New Guide to Help Families Use Housing Vouchers to Move to High-Opportunity Neighborhoods

February 20, 2013 at 4:58 pm

Housing vouchers can give families access to better opportunities.  Using a voucher to move out of an extreme-poverty neighborhood sharply reduces deaths from disease or accidents among girls. And where housing policies have allowed low-income children to attend high-performing, economically integrated schools over the long term, the students scored significantly higher on math and reading tests than comparable children who attended higher-poverty schools.  These types of positive results have helped the voucher program generate broad bipartisan support.

But evidence shows that a core feature of the Section 8 Housing Choice Voucher Program —  families’ ability to choose where to live — often hasn’t had the hoped-for results.  Families with vouchers live in only slightly less poor neighborhoods than similar tenants without housing assistance, although neighborhood outcomes are somewhat better for black voucher households and significantly better than for the public housing and project-based Section 8 programs.  Moreover, a recent analysis shows that a smaller share of voucher households with children live near schools ranked in the top 50 percent than poor households generally.

As I explained last week on the National Housing Institute’s Shelterforce blog, it’s critical to give those helping Housing Choice Voucher families the tools they need to help these families move to more opportunity-rich neighborhoods — especially as policymakers consider cuts to housing programs as part of the current budget debate.

A new toolkit from the Poverty & Race Research Action Council and the Urban Institute (to which I contributed) is a starting point for public housing agencies, state and local governments, and non-profits that are working with these families.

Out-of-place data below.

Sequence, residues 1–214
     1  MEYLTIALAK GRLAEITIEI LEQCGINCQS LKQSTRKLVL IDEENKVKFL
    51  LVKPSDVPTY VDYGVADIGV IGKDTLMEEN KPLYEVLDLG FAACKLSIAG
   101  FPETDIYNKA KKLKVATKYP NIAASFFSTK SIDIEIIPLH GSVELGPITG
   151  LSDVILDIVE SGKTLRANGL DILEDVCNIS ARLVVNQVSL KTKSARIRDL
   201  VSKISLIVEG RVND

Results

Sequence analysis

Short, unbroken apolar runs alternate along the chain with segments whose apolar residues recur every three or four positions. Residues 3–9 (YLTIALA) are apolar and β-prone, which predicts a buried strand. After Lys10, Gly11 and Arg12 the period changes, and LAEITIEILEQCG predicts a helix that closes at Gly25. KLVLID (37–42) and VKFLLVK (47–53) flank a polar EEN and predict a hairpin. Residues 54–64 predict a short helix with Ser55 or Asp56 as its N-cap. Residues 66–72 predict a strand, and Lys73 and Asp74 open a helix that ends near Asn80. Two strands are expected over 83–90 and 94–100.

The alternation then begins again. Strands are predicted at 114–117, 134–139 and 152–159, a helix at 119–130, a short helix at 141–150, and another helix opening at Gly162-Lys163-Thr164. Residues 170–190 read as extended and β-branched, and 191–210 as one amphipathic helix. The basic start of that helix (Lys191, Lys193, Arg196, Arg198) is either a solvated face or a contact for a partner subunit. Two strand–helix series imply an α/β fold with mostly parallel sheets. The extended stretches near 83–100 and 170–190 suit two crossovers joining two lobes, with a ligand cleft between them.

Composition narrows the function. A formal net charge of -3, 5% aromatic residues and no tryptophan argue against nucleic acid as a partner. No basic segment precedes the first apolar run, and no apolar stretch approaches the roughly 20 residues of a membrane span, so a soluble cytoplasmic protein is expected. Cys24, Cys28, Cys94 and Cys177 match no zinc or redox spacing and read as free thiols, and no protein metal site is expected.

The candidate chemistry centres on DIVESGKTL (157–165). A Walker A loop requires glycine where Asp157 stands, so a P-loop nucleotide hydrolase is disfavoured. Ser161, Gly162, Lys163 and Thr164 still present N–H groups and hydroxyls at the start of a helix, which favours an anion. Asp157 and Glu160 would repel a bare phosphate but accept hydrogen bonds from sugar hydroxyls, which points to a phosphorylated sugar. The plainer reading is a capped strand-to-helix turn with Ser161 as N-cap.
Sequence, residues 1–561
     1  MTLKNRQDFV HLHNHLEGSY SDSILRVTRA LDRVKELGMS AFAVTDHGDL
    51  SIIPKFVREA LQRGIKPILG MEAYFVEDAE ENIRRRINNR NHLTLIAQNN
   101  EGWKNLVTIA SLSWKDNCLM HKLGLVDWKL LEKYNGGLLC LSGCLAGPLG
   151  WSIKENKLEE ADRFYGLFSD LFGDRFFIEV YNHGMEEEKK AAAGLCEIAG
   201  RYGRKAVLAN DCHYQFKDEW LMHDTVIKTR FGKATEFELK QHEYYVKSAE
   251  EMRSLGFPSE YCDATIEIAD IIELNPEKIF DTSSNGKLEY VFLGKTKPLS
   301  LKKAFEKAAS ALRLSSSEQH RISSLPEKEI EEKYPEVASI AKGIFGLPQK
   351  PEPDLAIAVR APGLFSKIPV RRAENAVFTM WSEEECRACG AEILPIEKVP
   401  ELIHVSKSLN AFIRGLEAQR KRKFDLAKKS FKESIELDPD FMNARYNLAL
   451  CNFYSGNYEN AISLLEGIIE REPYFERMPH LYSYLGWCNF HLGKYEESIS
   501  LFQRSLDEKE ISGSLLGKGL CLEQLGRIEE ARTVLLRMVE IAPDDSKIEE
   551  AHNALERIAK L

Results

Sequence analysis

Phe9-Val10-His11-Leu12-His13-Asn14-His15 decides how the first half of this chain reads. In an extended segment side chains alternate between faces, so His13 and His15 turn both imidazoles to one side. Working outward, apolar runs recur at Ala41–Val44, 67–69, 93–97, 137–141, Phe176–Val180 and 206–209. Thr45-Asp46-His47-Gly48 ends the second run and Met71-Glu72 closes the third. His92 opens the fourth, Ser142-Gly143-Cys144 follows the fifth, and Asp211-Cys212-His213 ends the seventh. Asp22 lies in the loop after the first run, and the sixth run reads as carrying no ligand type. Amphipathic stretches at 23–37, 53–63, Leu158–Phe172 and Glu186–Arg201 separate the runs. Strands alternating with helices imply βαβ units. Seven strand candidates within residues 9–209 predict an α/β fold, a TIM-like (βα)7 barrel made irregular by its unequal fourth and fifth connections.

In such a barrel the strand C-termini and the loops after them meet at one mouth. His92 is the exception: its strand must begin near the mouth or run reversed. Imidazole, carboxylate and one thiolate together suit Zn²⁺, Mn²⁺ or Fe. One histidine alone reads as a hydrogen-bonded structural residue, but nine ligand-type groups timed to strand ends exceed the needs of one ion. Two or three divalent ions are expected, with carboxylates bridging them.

The guide shows how to:

  • Set goals in light of local markets and priorities;
  • Identify opportunity-rich neighborhoods;
  • Reach out to landlords effectively;
  • Recruit and assist target families;
  • Use existing discretion under the Department of Housing and Urban Development (HUD) policies — or get waivers of HUD rules — to expand families’ search time, set adequate subsidy levels, and provide security deposits; and
  • Fund a local or regional program.

The toolkit is a good start, but HUD can do more to help the voucher program achieve its full potential.  Modifications of some of HUD’s policies — such as the “portability” and “consortia” rules that affect families seeking to use their vouchers in other cities or counties and the measures used to assess agency performance — could make it easier for agencies and families to succeed, and would encourage agencies to adopt policies to achieve better results.

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More About Barbara Sard

Barbara Sard

Sard rejoined the Center as Vice President for Housing Policy in 2011 after 18 months as Senior Advisor on Rental Assistance to HUD Secretary Shaun Donovan.

Full bio | Blog Archive | Research archive at CBPP.org

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